|Title||Effects of selective grazing by snails on benthic algal succession|
|Publication Type||Journal Article|
|Year of Publication||1991|
|Authors||Tuchman NCrandall, R. Stevenson J|
|Journal||Journal of the North American Benthological Society|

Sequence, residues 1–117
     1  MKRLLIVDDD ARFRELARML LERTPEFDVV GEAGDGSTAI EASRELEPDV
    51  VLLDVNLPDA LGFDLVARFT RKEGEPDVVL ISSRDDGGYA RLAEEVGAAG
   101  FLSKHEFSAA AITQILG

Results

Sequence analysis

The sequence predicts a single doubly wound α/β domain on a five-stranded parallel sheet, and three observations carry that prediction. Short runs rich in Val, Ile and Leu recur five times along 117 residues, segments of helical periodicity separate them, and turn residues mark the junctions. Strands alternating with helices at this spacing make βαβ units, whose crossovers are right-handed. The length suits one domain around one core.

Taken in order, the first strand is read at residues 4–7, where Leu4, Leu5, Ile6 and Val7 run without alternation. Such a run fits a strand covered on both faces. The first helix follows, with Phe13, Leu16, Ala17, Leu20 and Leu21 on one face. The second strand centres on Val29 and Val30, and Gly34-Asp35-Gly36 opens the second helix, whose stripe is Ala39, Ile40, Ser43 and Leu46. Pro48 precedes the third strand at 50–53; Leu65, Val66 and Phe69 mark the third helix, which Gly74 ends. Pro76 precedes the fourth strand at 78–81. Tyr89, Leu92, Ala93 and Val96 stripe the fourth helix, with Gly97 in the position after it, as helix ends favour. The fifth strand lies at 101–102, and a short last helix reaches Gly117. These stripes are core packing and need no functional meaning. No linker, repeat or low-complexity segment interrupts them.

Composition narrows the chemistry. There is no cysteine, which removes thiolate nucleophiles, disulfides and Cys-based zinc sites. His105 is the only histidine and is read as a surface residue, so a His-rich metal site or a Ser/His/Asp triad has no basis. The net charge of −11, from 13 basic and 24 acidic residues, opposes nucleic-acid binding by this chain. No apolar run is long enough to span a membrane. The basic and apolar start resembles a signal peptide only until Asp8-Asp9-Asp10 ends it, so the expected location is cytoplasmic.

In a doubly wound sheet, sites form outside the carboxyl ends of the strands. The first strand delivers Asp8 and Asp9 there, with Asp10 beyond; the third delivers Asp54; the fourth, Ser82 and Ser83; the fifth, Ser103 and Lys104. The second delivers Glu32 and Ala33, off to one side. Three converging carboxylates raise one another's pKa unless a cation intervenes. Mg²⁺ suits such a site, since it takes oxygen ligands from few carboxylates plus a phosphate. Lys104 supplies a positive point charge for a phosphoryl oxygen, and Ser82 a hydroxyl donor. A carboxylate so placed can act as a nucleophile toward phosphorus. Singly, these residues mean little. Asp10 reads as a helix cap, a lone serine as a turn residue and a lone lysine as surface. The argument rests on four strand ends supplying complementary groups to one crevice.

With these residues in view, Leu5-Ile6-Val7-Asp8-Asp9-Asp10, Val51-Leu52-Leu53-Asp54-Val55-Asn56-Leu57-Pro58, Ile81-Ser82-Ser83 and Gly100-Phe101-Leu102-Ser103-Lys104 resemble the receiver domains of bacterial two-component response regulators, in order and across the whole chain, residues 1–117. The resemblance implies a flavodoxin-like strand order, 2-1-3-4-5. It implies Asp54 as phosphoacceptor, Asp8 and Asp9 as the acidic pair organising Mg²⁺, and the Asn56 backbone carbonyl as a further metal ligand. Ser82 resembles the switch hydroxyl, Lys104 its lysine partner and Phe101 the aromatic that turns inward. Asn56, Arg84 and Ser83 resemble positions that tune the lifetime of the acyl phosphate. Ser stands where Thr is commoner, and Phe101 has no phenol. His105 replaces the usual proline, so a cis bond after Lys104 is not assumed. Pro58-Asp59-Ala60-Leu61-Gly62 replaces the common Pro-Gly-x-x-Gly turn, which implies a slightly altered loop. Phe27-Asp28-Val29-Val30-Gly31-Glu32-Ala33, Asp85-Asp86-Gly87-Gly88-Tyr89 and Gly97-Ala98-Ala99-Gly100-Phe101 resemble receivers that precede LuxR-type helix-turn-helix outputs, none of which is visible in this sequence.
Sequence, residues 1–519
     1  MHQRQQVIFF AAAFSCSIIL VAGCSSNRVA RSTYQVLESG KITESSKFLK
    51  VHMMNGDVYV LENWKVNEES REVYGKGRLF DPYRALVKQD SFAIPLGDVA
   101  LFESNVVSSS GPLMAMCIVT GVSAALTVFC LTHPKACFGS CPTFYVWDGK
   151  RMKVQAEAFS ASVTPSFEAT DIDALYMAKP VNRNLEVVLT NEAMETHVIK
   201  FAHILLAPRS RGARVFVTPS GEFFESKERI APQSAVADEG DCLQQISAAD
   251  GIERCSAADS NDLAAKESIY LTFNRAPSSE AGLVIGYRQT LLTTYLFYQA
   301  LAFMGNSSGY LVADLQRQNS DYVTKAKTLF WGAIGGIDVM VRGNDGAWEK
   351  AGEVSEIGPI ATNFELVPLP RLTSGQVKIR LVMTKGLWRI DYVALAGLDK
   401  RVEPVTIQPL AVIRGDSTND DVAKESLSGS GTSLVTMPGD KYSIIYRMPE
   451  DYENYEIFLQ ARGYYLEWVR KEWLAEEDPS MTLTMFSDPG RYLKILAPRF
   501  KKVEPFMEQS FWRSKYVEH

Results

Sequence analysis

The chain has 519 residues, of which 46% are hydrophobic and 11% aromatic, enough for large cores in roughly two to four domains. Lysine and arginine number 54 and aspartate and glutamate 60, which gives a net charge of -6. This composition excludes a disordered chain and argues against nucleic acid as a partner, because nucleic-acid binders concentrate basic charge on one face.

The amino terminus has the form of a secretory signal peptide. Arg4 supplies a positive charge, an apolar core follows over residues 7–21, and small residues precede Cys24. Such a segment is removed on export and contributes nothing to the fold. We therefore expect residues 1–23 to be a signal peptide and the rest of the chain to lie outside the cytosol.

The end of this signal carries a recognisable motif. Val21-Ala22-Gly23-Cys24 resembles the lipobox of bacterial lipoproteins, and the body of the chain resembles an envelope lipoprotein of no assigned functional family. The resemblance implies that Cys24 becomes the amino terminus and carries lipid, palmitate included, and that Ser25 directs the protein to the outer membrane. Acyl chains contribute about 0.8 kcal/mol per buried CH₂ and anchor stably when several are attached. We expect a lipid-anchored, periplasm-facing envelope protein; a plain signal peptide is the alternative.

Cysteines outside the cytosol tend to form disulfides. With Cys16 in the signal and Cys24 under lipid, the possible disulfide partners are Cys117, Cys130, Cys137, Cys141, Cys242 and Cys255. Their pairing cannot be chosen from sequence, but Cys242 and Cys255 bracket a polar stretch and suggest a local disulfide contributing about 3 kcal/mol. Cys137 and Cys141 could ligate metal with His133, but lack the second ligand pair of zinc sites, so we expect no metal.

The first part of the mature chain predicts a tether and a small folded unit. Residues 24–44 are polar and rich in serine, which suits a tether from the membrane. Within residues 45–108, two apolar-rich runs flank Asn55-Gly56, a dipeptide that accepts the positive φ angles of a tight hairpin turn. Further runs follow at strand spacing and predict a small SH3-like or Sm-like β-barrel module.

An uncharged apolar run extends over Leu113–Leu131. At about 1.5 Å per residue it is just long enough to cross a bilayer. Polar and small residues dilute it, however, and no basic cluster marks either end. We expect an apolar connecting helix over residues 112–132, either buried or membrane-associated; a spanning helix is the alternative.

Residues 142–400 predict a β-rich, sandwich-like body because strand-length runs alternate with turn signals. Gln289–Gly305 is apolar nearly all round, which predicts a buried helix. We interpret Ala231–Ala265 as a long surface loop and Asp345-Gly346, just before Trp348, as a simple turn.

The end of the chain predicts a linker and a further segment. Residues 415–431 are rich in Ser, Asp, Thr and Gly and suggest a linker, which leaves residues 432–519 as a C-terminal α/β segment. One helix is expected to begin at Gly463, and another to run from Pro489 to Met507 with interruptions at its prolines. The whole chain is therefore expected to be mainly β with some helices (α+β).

Effects of ambient levels of snail grazing on rates and direction of benthic algal succession were investigated in experimental chambers located near two lakes. Benthic algal environments were manipulated by introducing snails (15 individuals/m2) to flow-through experimental systems (for 26-28 d) where clay tiles were colonized with algae from littoral lake water from Douglas Lake, Michigan, and Kentucky Lake, Kentucky. We found that algal succession was not always evident in ungrazed conditions; but when successional changes were evident, many different growth forms were observed among early and late succession species. Early succession species were typically non-motile unicellular or colonial growth forms, whereas late succession species were motile unicellular or filamentous diatoms and cyanobacteria. Grazing by the snail Elimia livescens arrested succession of non-diatom algae by selectively removing the overstory of filamentous cyanobacteria. However, grazing by E. livescens enhanced succession among diatoms by selectively grazing the early succession diatoms and leaving small motile late succession species. Whether grazing enhanced or arrested succession, or changed the direction of succession, was dependent upon growth forms of early and late succession algal species, which varied among habitats and corresponding species assemblages.